Kawasaki disease (KD), or mucocutaneous lymph gland syndrome, is an illness that causes inflammation in arteries, veins, and capillaries. It also affects your lymph nodes and causes symptoms in your nose, mouth, and throat. It’s the foremost common explanation for heart condition in children.
The Kawasaki disease Foundation (KDF) estimates that KD affects quite 4,200 children within the us annually . KD is additionally more common in boys than in girls and in children of Asian and Pacific Island descent. However, KD can affect children and teenagers of all racial and ethnic backgrounds.
In most cases, children will recover within a couple of days of treatment with none serious problems. Recurrences are uncommon. If left untreated, KD can cause serious heart condition . Read on to find out more about KD and the way to treat this condition.
What are the symptoms of Kawasaki disease?
Kawasaki disease occurs piecemeal with telltale symptoms and signs. The condition tends to seem during late winter and spring. In some Asian countries, cases of KD peak during the center of summer.
Early symptoms, which may last up to 2 weeks, may include:
high fever that persists for five or more days
rash on the torso and groin
bloodshot eyes, without crusting
bright red, swollen lips
“strawberry” tongue, which appears shiny and bright with red spots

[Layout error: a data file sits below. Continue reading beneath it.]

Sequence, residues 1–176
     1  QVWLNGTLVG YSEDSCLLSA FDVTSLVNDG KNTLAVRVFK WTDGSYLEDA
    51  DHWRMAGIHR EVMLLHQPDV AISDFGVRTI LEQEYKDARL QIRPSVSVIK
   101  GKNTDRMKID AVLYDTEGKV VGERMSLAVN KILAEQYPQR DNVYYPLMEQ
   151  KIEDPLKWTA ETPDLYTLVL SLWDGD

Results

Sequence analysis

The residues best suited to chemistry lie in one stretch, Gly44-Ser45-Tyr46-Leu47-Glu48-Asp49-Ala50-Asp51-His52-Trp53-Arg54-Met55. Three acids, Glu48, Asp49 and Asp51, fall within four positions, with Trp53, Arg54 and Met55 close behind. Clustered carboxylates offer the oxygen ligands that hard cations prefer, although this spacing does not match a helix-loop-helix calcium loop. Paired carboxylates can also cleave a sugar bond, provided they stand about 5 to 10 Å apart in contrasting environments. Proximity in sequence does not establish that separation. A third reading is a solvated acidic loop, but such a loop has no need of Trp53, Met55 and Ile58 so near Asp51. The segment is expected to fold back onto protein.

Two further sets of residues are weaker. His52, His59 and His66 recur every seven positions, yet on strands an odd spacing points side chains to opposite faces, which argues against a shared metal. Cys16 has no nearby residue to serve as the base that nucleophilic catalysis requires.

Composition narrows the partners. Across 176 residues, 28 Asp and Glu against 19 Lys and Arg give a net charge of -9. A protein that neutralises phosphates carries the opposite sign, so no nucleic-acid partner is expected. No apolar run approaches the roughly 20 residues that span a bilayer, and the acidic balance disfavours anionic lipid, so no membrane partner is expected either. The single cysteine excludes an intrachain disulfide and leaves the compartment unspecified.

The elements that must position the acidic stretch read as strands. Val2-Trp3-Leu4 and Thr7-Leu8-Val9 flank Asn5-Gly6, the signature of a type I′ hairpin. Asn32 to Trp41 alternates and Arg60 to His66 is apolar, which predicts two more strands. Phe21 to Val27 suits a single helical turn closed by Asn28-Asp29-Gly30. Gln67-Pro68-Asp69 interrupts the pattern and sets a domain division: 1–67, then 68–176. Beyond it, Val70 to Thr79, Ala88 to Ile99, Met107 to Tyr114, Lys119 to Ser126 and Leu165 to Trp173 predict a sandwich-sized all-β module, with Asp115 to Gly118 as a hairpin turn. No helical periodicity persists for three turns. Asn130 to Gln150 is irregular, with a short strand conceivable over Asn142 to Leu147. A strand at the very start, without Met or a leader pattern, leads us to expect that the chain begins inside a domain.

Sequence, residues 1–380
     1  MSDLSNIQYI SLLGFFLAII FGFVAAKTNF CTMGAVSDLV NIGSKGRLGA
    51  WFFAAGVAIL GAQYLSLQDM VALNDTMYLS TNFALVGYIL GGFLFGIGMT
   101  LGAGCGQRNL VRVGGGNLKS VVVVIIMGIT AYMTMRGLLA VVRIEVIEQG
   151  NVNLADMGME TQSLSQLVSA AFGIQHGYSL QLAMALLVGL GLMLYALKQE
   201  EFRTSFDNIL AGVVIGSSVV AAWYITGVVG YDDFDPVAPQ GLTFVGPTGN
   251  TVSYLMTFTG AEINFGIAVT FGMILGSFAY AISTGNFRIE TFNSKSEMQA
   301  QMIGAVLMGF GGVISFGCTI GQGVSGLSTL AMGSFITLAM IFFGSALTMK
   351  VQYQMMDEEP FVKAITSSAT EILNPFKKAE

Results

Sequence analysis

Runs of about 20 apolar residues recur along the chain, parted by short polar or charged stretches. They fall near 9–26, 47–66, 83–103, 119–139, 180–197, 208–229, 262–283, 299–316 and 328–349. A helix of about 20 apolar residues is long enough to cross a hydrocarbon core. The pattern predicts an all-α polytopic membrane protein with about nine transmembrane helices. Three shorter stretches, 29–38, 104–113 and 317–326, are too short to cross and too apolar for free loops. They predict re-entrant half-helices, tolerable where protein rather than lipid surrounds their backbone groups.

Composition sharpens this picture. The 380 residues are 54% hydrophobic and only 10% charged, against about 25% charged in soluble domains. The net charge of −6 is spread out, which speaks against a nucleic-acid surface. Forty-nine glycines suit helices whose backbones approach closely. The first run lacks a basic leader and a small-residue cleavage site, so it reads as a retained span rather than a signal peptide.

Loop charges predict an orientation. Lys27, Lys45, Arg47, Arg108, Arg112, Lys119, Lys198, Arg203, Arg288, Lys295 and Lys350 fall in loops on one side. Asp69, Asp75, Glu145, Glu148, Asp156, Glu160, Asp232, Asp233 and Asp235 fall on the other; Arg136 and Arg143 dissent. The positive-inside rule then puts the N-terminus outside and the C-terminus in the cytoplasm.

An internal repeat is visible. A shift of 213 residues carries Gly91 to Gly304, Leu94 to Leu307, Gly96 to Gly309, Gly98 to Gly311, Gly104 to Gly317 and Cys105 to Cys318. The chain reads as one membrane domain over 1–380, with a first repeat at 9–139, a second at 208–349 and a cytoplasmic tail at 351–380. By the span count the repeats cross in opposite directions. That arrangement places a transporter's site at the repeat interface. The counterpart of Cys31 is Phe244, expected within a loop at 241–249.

swollen lymph nodes
swollen hands and feet
red palms and soles of the feet
Heart problems can also appear during this point .
Later symptoms begin within fortnight of the fever. The skin on the hands and feet of your child may start to peel and are available off in sheets. Some children can also develop temporary arthritis, or joint pain.
Other signs and symptoms include:
What causes Kawasaki disease?
The exact explanation for Kawasaki disease remains unknown. Researchers speculate that a mix of genetics and environmental factors can cause KD. this might flow from to the very fact that KD occurs during specific seasons and tends to affect children of Asian descent.
Kawasaki disease is commonest in children, particularly those of Asian descent. About 75 percent of KD cases are children under the age of 5, consistent with the KDF. Researchers don’t believe that you simply can inherit the disease, but the danger factors tend to extend within families. Siblings of somebody who has KD are 10 times more likely to possess the disease.
How is Kawasaki disease diagnosed?
There is no specific test for Kawasaki disease . A pediatrician will take under consideration the child’s symptoms and rule out illnesses with similar symptoms, such as:
scarlet fever, a bacterial infection that causes fever, chills, and pharyngitis
juvenile atrophic arthritis , a chronic disease that causes joint pain and inflammation
toxic shock syndrome
idiopathic juvenile arthritis
Rocky Mountain rickettsial disease , a tick-borne illness
A pediatrician might order additional tests to see how the disease has affected the guts . These may include:
Echocardiograph: An echocardiograph may be a painless procedure that uses sound waves to make pictures of the guts and its arteries. This test may have to be repeated to point out how Kawasaki disease has affected the guts over time.
Blood tests: Blood tests could also be ordered to rule out other illnesses. In KD, there could also be an elevated white blood corpuscle count, low red blood corpuscle count, and inflammation.